St George’s Gate
St George’s Gate is perched beside the Quaking Bridge, above the remains of a medieval wall. It’s adjacent to the historic Oxford Castle with an entrance courtyard and a lovely view of the Castle Mill Stream, part of the River Thames.
This residence is owned by St Peter’s College, one of the 38 colleges of Oxford University. St Peter’s was founded in 1928, with the aim of providing an Oxford education to around 40 bright students with limited funds.
Along with St Thomas’ and Paradise Street, St George’s Gate is one of the college’s annexe accommodations. It houses Oxford Scholastica students aged 14 to 18.
Our Paradise Street building is also owned by Oxford University’s St Peter’s College, and is situated on a historic street in central Oxford, next to the Swan Bridge, a listed bridge over the Castle Mill Stream.
Positioned right next door to the famous Oxford Castle, and within a few minutes’ walk of the city centre, the building offers single bedrooms with en suite bathrooms and a study area for students to complete their independent study set for them by their tutors.
Paradise Street houses Oxford Scholastica students aged 14 to 18.
St Thomas’ is also owned by Oxford University’s St Peter’s College. St Peter’s is the youngest Oxford college within the old city boundaries, and has been referred to as “the laid-back teenager of the Oxford college family.”
Students at St Peter’s are known as “Peterites”, and their famous alumni include Mark Carney, former Governor of the Bank of England; Edward Akufo-Addo, former President of Ghana; and Reverend Wilbert Vere Awdry, creator of Thomas the Tank Engine!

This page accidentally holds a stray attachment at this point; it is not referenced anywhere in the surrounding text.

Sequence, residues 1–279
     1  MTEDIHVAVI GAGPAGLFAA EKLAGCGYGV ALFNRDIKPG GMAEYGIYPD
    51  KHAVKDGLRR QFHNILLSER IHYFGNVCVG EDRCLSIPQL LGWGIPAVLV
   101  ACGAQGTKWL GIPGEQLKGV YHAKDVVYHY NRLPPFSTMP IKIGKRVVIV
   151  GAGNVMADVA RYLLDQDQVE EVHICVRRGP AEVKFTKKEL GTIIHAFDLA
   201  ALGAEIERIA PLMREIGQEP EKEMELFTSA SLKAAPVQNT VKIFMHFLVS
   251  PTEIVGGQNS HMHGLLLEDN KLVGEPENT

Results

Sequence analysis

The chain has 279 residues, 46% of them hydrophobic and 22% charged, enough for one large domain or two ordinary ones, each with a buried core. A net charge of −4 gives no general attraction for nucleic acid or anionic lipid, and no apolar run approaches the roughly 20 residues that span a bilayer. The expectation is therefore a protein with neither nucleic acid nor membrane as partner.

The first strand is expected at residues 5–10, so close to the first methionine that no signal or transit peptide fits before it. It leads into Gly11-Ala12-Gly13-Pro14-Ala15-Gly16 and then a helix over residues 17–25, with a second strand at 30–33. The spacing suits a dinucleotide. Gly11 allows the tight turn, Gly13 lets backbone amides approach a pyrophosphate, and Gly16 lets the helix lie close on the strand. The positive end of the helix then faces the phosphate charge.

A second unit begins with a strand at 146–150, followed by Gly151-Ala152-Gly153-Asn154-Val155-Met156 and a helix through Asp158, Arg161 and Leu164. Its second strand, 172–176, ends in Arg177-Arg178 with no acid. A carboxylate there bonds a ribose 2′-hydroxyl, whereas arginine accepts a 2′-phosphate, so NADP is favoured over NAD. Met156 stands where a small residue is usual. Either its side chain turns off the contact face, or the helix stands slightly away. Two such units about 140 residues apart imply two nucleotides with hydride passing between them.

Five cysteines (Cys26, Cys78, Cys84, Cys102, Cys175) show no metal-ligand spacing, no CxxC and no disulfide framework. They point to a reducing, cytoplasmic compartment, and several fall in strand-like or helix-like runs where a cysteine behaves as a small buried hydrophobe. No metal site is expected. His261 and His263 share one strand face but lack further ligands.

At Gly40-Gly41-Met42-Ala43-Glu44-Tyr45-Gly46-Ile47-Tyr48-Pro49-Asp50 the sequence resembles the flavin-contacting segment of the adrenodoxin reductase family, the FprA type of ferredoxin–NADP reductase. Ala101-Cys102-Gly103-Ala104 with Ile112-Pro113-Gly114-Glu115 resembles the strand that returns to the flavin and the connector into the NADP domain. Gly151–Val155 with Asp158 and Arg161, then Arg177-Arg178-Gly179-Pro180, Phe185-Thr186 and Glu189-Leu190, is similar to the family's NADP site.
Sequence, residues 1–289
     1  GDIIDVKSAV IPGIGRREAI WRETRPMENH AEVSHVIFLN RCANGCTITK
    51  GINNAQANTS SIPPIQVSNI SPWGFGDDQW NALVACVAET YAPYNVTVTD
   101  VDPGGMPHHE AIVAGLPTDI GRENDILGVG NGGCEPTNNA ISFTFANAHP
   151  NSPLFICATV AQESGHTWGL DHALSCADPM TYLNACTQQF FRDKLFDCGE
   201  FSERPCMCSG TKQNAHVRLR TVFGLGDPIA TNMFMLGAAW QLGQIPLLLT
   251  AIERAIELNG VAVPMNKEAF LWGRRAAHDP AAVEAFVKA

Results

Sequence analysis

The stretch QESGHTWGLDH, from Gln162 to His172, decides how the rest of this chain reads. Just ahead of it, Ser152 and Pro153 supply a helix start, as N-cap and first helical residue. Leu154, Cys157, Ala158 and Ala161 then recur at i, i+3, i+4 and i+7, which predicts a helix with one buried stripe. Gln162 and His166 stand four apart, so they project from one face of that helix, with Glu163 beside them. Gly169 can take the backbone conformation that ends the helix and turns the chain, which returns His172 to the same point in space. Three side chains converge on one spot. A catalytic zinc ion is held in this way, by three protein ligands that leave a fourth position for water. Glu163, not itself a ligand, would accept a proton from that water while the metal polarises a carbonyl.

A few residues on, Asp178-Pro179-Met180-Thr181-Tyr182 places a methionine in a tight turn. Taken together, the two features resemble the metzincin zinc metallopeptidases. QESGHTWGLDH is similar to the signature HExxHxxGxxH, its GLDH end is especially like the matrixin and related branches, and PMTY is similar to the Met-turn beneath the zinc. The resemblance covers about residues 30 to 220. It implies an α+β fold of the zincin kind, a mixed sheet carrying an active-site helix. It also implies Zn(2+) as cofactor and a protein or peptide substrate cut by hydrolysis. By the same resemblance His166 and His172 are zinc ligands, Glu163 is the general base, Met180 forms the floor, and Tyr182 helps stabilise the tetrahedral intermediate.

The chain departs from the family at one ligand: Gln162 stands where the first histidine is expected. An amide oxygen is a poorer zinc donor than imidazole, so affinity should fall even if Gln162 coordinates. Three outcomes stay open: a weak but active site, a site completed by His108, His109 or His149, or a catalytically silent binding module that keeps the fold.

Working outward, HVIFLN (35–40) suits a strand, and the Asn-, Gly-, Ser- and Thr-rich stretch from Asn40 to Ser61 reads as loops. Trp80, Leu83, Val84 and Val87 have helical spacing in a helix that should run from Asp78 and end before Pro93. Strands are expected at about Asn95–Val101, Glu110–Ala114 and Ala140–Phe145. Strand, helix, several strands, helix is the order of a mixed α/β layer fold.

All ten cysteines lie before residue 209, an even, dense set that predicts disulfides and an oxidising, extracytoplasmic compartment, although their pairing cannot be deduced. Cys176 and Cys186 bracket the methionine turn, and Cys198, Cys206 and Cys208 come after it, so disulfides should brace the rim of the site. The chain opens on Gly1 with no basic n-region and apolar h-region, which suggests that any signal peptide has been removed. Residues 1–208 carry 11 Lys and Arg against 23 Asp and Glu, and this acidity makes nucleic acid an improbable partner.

St Thomas’ houses Oxford Scholastica students aged 14 to 18.
Please note that Oxford Scholastica is separate from Oxford University, and it is important to understand that we have no formal connection with the university or St Peter’s College. You can read more about our relationship with Oxford here.
The Lampl Building is an annexe of Corpus Christi College, one of the oldest Oxford University colleges, founded in 1517. One of their earliest members helped translate the King James Bible in 1611.
Like St Thomas’ and St George’s, Lampl is near to the famous Oxford Castle. Used in the English Civil War of the 17th century, the castle’s main function afterwards was as Oxford’s local prison. The prison was closed in 1996, and the castle buildings are now used as a trendy hotel!
Lampl houses Oxford Scholastica students aged 12 to 18.
Please note that Oxford Scholastica is separate from Oxford University, and it is important to understand that we have no formal connection with the university or Corpus Christi College. You can read more about our relationship with Oxford here.
Questions about our accommodation?
About annexe accommodation
During their first year, most Oxford students live on the main college site, while in their second and third years, many live in their college’s annexe accommodation around the city of Oxford. We offer this annexe accommodation for our students because it’s:
- Safe, secure, and modern
These buildings are where undergraduate and postgraduate Oxford University students stay during their term.
- Private and family-style
Students get to have their own spacious bedroom and en-suite bathroom, while living among fellow students.
Our accommodation is in the heart of the “city of dreaming spires,” near the Castle Quarter, a lively and thriving part of central Oxford.
Boost your confidence and expand your comfort zone with a taste of independence. Supported by our friendly team of staff and tutors, and surrounded by your friends, you’ll be given responsibility for learning and living in Oxford.
Experience International Friendships
Our buildings have common room spaces where you can socialise or watch TV (like the World Cup!). These are great places to relax or catch up with friends on other courses, ensuring you always know where to go to find someone to chat to.
Our accommodation is near the Castle Quarter, a lively part of central Oxford. Built in the 1070s by a Norman baron, the original wooden motte and bailey castle was replaced with stone shortly afterwards, which is what you see today.